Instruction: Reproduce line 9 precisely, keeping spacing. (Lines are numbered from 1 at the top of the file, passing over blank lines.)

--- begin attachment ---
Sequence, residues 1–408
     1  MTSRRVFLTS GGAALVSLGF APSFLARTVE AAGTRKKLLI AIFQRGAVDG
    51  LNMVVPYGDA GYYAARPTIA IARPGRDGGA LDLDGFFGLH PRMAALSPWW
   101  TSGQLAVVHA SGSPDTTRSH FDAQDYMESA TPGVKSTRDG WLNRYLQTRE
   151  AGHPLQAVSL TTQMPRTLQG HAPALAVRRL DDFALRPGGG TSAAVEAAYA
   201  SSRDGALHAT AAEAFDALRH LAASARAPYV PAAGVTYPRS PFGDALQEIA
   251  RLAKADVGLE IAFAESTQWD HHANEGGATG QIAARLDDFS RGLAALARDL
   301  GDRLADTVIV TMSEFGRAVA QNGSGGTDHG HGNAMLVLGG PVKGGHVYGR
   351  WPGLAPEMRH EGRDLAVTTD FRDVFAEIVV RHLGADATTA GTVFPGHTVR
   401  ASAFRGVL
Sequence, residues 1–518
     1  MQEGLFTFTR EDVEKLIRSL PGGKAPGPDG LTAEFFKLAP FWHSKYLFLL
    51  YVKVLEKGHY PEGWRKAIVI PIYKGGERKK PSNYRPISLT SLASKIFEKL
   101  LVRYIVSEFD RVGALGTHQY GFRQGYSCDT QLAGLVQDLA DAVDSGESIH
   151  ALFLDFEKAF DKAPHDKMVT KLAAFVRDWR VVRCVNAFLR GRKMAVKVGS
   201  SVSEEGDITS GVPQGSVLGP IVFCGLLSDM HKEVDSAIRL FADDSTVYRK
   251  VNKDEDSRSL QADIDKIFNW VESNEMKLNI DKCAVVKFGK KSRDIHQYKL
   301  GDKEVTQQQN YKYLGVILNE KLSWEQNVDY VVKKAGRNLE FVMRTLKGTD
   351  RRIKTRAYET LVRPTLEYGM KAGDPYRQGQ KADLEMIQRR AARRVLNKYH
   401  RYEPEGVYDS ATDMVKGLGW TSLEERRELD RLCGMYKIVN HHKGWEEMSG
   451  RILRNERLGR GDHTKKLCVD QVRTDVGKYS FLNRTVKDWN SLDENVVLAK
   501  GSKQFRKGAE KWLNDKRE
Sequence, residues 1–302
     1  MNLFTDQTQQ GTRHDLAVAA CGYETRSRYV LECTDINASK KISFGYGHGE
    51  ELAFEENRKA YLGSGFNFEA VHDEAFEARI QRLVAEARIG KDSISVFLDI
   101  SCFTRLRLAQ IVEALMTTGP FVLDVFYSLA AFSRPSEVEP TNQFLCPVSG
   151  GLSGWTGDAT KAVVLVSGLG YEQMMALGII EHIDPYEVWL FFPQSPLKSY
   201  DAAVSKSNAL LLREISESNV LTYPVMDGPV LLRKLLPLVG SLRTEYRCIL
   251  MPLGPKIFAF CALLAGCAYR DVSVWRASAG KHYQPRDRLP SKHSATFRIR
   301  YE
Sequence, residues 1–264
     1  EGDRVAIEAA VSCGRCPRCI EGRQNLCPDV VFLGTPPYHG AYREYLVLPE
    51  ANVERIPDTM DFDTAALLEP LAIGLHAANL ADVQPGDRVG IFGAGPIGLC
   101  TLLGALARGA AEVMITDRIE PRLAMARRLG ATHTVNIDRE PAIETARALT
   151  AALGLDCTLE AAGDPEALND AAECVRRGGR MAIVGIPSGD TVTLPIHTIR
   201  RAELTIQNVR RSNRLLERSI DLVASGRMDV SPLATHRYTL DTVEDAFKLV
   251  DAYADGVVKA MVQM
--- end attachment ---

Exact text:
   351  WPGLAPEMRH EGRDLAVTTD FRDVFAEIVV RHLGADATTA GTVFPGHTVR